Directed by Billy ‘Bloody Bill’ Pon
Written by Lee Ankum & Billy ‘Bloody Bill’ Pon
Starring Bill Oberst Jr., Parrish Randall, Chanel Ryan and Ryan Clapp
Run time 116 mins
This terror season, clowns are hot. From the recently announced crowd-funded double of Rob Zombie’s 31 and Full Moon’s latest Killjoy instalment; to the Eli Roth-produced Clown’s tentative Halloween release Stateside, if horror were the world of fashion, greasepaint, oversized shoes and a big red nose would be the latest must-have look on the scare catwalk. Big top bogeymen are ‘in’; and Circus of the Dead’s Papa Corn – the homicidal harlequin at the centre of this distinctly Texan frightmare – is the first fearsomely essential jester of this Bozo shockwave.
It’s one hell of a turn from Bill Oberst Jr., the Boris Karloff of indie grue. Making John Wayne Gacy (whose fitting “Clowns could get away with murder” quote opens the film) look like Ronald McDonald, Papa Corn is quite possibly the Emmy Award-winning thesp’s finest performance to date; a frightening, ferocious and deeply charismatic turn of unpredictable energy that – if there’s any justice in the world – should see the man finally mentioned alongside such modern horror heroes as Englund, Combs and Moseley.
Through a mysterious Tarot card game – “Like bingo, but from Mexico” – Corn has deemed Don (Parrish Randall, decent) , and his family ideal victims for their Saw-type morality game. Incapacitating – to the say the least – Don’s adulterous wife (Chanel Ryan, perfunctory), Corn snatches Don’s daughters and coerces him into joining his merry band of murderous clowns on an odyssey of bloody slaughter if he ever wants to see them alive again.
Building upon a mock trailer that opened his acclaimed short Doll Boy (the titular antagonist of which makes a fun cameo here), debutent feature director Pon has crafted an authentically scuzzy blend of Tobe Hooper-esque white trash schtick and Herschell Gordon Lewis-style exploitation. Mean spirited and grotty, Circus of the Dead is one sick little puppy of a picture; a charmingly ramshackle and gleefully repellent wallow through the lowest ends of the schlock spectrum. Its lack of slickness and, indeed, decency may prove too much for some, and its crossover appeal will almost certainly be minimal; but for those willing to embrace its boisterous nastiness it’s one of the years stand-out genre releases.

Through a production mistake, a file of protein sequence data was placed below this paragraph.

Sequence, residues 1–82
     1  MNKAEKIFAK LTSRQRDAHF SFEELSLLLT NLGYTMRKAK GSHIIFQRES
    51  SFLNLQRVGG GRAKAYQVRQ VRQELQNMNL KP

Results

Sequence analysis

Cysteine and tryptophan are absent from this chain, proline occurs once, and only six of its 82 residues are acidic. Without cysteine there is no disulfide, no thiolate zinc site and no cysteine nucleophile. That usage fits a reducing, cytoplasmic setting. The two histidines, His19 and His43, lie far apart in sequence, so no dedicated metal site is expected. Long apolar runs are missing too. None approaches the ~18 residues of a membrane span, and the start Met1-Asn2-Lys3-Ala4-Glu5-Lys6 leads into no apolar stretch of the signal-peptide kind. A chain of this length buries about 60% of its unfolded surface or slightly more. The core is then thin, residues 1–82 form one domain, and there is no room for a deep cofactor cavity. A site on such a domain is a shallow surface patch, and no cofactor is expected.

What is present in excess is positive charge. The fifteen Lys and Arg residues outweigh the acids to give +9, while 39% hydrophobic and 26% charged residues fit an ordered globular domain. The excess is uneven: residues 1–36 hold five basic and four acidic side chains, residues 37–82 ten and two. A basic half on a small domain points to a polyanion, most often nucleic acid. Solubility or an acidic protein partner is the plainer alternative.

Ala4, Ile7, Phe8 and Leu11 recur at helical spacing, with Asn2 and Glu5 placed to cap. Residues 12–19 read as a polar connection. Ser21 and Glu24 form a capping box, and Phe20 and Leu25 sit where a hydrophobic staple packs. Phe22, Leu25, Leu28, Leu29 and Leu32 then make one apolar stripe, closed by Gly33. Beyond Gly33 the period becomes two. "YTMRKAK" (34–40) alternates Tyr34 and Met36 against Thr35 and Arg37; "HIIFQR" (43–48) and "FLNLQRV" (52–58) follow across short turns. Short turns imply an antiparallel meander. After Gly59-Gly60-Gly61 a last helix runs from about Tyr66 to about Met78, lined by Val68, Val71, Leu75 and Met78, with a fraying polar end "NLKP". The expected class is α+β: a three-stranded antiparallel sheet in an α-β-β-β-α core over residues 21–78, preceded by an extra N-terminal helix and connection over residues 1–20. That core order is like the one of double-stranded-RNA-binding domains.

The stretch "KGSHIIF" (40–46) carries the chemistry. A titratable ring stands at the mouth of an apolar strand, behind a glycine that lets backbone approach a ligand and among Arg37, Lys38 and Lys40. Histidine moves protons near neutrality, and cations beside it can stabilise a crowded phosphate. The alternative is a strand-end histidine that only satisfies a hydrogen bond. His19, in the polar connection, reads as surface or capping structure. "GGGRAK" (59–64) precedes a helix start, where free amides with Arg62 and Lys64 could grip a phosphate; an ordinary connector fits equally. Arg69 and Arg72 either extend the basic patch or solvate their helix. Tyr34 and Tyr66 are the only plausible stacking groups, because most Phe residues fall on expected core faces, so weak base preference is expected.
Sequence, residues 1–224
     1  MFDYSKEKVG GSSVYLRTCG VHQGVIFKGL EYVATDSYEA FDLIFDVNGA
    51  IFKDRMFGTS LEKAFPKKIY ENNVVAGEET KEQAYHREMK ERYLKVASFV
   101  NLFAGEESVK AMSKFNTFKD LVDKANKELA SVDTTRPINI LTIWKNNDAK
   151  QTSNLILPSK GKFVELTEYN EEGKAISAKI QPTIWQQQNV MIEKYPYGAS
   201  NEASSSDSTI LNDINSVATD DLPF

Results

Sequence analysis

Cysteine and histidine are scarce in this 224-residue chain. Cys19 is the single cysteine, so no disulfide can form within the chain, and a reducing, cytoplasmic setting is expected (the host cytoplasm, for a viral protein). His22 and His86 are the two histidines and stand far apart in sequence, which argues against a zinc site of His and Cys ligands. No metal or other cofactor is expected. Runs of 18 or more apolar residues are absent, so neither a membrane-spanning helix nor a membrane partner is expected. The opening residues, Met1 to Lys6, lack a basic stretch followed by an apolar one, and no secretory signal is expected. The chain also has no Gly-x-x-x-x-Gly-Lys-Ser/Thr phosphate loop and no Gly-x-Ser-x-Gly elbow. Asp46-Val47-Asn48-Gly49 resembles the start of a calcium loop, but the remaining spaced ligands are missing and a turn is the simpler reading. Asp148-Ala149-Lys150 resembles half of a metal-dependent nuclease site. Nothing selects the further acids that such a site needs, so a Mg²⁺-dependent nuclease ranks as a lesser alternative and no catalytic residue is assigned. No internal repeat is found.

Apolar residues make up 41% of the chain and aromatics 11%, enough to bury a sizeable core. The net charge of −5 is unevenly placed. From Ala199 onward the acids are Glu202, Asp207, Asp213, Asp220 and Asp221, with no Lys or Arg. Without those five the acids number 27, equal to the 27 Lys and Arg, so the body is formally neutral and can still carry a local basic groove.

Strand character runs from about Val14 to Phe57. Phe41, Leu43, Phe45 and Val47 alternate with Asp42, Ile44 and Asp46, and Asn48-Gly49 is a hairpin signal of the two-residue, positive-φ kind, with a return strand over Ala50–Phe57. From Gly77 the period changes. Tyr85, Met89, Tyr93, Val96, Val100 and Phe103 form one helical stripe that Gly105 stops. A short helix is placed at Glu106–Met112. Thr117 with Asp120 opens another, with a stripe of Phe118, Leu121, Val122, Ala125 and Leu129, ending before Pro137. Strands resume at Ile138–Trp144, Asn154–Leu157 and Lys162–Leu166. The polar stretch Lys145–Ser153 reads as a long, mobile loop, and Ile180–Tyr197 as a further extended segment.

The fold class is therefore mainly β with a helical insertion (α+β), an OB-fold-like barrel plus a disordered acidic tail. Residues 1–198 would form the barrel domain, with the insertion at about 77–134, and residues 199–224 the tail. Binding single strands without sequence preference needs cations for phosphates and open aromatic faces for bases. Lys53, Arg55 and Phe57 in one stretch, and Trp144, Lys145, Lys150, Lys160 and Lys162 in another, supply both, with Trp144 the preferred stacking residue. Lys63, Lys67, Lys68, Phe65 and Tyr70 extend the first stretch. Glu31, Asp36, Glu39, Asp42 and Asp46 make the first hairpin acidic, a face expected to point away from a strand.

Shepherding an infectiously seedy carnival of perversity, Pon, along with co-scripter Lee Ankrum, happily piles on the transgressions; from the in-your-face DIY effects, to cannibalism, rape and necrophilia. Though the grotesque one-upmanship is undercut somewhat by Pon’s bursts of clumsy staging and his, at times, far too relaxed sense of pacing (Circus of the Dead clocks in at just under two hours, with a handful of scenes running much longer than they should), for the most part he proves himself a deft directorial hand; especially when it comes to the film’s numerous scenes of knockabout savagery. His flair for outrageous hyper violence is to be applauded, in fact, with one set piece in particular – a late night siege of a mini-mart – rivalling the infamous bar sequence in Kathryn Bigelow’s cult vampire hit Near Dark in terms of knuckle-whitening intensity.
Despite being somewhat tamer than recent taboo busters like Human Centipede 2 or the I Spit On Your Grave revamp and its sequel, it’ll certainly be interesting to see how Pon’s unflinching approach affects the film’s certification when – or if – it’s submitted to the BBFC. Fingers crossed it hits these shores, unscathed, soon; the adventurous would do well to seek this one out.
8 out of 10
Currently on the festival circuit, you can keep up to date with all the latest Circus of the Dead developments via their Facebook or twitter feeds HERE and HERE.
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